Ultimately, it circles back to your values and priorities. If you prioritize a social life, you may want to be careful about what animals you incorporate or how big of a garden you build. You can still enjoy a lovely veggie patch and a couple of chooks without taking on all the responsibility of a full-tilt farm. 

Why Farm?

So, why farm at all? If you are going to have to make sacrifices in your relationship, career, and social life, what then is the attraction?

I can’t answer that for you. But I will share why I farm. 

I love the land. I love the animals. I love the cool, crisp air against my face when I walk the goats. I love the sweat that trickles from my brow when I shovel compost. I feel pride and purpose when I collect eggs from my gals. I am amazed at the flavors and quality of the veggies that come from my garden. I find delight when I can share a meal scratch made entirely from ingredients I produced on my land. I value the independence and self reliance that comes with growing/ raising/ building my own. It’s a lifestyle that has no equal. A lifestyle that gives me greater purpose and satisfaction than any other I’ve tried.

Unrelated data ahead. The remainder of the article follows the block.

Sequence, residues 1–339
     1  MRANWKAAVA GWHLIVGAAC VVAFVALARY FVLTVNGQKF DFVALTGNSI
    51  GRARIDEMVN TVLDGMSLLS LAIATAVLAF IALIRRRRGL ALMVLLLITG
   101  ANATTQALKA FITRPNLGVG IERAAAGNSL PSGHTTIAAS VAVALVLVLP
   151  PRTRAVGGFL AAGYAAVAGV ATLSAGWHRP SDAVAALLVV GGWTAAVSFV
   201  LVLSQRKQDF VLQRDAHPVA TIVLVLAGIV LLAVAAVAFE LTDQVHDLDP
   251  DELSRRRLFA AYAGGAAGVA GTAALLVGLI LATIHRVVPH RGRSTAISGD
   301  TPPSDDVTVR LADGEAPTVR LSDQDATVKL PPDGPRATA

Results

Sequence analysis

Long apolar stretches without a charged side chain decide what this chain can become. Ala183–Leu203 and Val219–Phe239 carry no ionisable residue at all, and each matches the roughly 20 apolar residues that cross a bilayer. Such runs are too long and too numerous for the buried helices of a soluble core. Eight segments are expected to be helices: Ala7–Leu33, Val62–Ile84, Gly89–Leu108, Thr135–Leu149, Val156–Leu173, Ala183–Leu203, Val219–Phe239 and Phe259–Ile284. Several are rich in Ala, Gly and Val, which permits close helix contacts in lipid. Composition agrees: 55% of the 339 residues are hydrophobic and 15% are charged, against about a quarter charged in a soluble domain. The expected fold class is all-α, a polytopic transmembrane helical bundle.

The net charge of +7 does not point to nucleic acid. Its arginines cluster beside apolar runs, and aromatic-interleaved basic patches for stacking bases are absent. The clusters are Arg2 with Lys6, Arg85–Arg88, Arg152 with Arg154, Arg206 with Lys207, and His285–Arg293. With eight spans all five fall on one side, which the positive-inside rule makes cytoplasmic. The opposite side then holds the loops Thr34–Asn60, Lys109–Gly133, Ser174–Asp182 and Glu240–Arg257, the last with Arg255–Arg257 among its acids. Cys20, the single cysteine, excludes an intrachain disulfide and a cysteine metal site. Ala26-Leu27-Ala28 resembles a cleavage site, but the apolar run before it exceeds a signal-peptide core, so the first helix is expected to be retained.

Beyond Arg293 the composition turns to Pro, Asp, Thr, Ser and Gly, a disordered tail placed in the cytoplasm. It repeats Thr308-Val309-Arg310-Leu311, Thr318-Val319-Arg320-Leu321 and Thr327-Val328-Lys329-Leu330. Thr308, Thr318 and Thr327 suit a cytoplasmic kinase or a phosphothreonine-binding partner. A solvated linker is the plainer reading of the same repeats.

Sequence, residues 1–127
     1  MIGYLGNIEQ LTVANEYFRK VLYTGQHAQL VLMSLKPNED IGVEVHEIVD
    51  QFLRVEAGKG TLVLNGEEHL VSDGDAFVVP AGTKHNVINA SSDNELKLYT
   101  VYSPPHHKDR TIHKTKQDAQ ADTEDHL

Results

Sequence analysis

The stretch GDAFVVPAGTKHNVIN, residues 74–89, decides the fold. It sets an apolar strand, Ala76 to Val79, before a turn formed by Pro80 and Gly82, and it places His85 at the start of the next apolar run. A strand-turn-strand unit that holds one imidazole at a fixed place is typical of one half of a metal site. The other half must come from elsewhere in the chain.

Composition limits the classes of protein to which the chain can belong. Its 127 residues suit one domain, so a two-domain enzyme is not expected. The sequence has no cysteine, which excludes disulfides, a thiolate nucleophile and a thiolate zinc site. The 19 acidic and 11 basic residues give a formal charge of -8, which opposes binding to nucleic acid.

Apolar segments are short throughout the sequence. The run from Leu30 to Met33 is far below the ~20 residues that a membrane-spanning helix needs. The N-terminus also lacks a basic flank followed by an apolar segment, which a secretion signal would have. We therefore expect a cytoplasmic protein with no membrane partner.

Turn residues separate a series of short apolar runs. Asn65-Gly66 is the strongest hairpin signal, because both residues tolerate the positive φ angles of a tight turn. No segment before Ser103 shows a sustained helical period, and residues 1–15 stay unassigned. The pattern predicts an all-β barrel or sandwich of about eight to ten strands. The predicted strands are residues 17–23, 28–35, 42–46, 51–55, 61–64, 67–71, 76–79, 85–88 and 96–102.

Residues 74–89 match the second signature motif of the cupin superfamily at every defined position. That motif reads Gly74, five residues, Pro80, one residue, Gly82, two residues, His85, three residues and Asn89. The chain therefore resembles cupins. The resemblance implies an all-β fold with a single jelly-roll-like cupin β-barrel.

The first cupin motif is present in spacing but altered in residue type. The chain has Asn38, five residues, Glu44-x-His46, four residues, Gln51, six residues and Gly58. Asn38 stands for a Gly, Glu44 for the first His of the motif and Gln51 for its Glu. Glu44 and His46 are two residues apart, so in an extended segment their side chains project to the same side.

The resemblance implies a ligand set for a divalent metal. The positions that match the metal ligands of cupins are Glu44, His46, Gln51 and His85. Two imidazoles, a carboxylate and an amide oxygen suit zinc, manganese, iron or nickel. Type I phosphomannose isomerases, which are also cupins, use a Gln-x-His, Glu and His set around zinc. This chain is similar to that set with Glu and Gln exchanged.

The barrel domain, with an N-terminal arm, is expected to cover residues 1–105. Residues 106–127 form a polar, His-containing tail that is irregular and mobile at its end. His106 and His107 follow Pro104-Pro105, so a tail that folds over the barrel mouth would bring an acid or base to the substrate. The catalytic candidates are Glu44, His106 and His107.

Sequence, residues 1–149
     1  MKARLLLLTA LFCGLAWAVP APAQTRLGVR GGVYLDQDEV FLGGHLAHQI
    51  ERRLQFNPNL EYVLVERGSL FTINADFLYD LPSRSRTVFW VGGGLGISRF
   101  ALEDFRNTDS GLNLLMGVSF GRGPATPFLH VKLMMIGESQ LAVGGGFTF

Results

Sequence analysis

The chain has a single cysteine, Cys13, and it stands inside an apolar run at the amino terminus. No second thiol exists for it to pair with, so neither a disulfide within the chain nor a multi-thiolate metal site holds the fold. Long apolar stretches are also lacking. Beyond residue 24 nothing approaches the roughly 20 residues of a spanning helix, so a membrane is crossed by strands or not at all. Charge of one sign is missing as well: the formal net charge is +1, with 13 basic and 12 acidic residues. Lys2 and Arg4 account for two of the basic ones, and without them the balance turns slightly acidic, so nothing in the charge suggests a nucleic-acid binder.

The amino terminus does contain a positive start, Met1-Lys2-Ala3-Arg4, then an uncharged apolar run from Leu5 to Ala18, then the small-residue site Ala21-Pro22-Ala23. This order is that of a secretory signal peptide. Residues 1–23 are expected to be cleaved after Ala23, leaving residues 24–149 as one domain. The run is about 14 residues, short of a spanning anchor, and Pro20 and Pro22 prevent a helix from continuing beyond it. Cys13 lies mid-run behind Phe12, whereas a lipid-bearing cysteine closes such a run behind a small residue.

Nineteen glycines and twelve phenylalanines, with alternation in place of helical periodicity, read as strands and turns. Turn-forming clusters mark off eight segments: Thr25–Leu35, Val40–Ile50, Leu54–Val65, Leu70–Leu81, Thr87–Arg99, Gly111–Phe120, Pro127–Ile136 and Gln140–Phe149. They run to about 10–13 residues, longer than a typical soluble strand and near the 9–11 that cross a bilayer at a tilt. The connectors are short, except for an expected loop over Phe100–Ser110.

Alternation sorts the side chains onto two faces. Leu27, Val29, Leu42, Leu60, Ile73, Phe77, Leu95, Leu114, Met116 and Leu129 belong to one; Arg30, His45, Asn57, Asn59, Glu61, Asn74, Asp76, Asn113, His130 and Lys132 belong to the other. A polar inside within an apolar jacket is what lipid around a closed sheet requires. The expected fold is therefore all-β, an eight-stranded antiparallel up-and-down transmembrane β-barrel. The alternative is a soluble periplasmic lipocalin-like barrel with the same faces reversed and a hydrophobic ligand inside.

It’s a life well worth all the effort. But the real question you need to ask is not why I farm. The most important question to ask yourself is farm life a life for you?